“Toilets without taboos”, for a seated and planetary revolution


The subject really concerns everyone, namely the billions of human beings who, every day, will urinate, defecate, in short defecate. Most of them in more or less sophisticated toilets. But a third of humanity does not have access to it and finds itself in the open air, without any hygiene, as in India where an estimated 800 million inhabitants deprived of toilets worthy of the name.

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This amazing documentary, scheduled a few days before November 19, the date chosen in 2013 by the United Nations (UN) to mark the World Toilet Day, accomplishes the feat of mixing scientific information, technical innovations, historical reminders, studies on cultural differences and welcome humorous pastilles. With concrete examples reported from everywhere: from Japan to old Europe, including China, Singapore, South Korea, India and the United States.

Taking stock of how to go pee-poo across the planet is also the way to address many issues: how to save the water usually wasted by Westerners at each emptying of a toilet? How to collect and analyze urine and feces that contain valuable information about our state of health? Or how do we turn our droppings into fertilizer?

Toilets, vital for hygiene and health, have also become a global market estimated at several billion dollars. Going from PC to PQ, Bill Gates, through his foundation, finances a competition for scientists to reinvent toilets and encourage their generalization in poor countries. Objective: ecological equipment that uses little water and is autonomous, capable of operating without electricity or a sewerage system.

Heated seats

Other wealthy personalities, such as Singaporean Jack Sim, head of the World Toilet Organization, manufacture toilets in nearly sixty countries. “For the UN, access to the toilet is a right. But for many, the toilet is still a taboo subject. To break this taboo, we use humor ”, explains Jack Sim, who does not hesitate to launch information campaigns in the streets with young people wearing fake droppings. Still in the register of humor, the South Koreans have opened a theme park on the subject: Poopoo Land.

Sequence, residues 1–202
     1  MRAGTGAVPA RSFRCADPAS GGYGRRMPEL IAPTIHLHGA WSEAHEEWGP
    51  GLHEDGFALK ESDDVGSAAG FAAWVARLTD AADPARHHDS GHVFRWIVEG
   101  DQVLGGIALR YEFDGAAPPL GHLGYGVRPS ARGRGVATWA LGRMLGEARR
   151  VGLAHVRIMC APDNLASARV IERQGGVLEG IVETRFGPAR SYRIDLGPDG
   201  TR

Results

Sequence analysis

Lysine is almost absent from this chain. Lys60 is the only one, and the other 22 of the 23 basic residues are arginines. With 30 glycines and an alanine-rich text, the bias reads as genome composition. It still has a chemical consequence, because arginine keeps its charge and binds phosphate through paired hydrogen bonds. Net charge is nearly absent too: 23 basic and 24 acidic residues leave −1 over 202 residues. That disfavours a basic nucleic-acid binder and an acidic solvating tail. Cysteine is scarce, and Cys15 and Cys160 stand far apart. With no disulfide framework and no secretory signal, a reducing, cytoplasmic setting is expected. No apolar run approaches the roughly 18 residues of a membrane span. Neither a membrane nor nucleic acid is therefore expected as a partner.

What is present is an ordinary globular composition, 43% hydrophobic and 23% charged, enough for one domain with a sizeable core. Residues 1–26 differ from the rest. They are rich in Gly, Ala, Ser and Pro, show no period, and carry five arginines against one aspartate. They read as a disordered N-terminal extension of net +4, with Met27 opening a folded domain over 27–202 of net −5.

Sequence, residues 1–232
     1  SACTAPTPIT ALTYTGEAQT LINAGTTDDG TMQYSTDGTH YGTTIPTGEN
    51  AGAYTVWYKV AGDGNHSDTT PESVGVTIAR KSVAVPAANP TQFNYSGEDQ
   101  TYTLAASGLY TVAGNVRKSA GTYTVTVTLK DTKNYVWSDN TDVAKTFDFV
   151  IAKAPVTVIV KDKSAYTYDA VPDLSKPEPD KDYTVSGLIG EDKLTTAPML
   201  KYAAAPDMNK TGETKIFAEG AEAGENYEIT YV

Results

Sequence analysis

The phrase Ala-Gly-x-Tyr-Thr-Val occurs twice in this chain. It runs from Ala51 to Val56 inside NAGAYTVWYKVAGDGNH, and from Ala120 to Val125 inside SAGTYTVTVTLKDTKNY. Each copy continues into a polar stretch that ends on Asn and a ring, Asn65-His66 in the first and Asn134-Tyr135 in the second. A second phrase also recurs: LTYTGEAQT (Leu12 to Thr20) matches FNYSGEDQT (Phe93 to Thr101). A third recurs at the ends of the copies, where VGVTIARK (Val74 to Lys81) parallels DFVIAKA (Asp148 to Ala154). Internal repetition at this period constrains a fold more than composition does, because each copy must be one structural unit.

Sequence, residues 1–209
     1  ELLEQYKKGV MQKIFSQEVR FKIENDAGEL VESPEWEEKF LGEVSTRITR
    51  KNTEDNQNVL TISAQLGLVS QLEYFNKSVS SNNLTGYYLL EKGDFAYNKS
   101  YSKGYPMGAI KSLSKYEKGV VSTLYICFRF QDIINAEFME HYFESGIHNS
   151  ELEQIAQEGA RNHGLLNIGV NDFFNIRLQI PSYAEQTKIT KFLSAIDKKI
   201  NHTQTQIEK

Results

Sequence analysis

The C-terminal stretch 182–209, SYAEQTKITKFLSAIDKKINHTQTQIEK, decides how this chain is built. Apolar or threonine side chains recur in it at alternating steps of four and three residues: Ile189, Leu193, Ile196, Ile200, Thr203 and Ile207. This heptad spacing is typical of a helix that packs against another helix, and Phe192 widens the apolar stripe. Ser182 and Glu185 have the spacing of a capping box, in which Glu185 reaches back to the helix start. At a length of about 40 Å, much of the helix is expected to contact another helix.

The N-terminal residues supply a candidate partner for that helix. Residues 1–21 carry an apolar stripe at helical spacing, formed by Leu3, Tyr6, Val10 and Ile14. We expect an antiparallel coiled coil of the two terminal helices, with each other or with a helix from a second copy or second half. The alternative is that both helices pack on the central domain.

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Japan is at the forefront of innovation in this area. The models of seats and evacuation systems are more and more elaborate there: “tornado” flushing, heated and deodorant seats, biosensors installed in the bowl making it possible to measure, through excrement, blood pressure or the blood sugar level… There is no shortage of ideas. But the Japanese and Koreans are not the only ones inventing the toilets of the future. In England, researchers have developed a rotating bowl that retains odors.

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The problems of rich countries are obviously not those of India. “Toilets are more important than temples! “, Narendra Modi, Indian Prime Minister, declared when launching vast awareness campaigns. There too, humor has its place: a successful Bollywood feature film telling how a couple was saved from shipwreck thanks to modern toilets has changed mentalities. Toilets, a right for everyone? The UN’s sustainable development agenda has set itself the goal of achieving this by 2030.

Toilets without taboos, by Thierry Berrod (Fr., 2019, 52 min). On demand on Arte.tv until January 12, 2021.

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